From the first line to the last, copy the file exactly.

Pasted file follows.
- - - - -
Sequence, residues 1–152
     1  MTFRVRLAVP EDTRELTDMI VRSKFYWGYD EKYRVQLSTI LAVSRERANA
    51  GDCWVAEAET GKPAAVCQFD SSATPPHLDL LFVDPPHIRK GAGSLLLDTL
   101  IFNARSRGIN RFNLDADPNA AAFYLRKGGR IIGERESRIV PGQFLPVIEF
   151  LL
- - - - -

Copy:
Sequence, residues 1–152
     1  MTFRVRLAVP EDTRELTDMI VRSKFYWGYD EKYRVQLSTI LAVSRERANA
    51  GDCWVAEAET GKPAAVCQFD SSATPPHLDL LFVDPPHIRK GAGSLLLDTL
   101  IFNARSRGIN RFNLDADPNA AAFYLRKGGR IIGERESRIV PGQFLPVIEF
   151  LL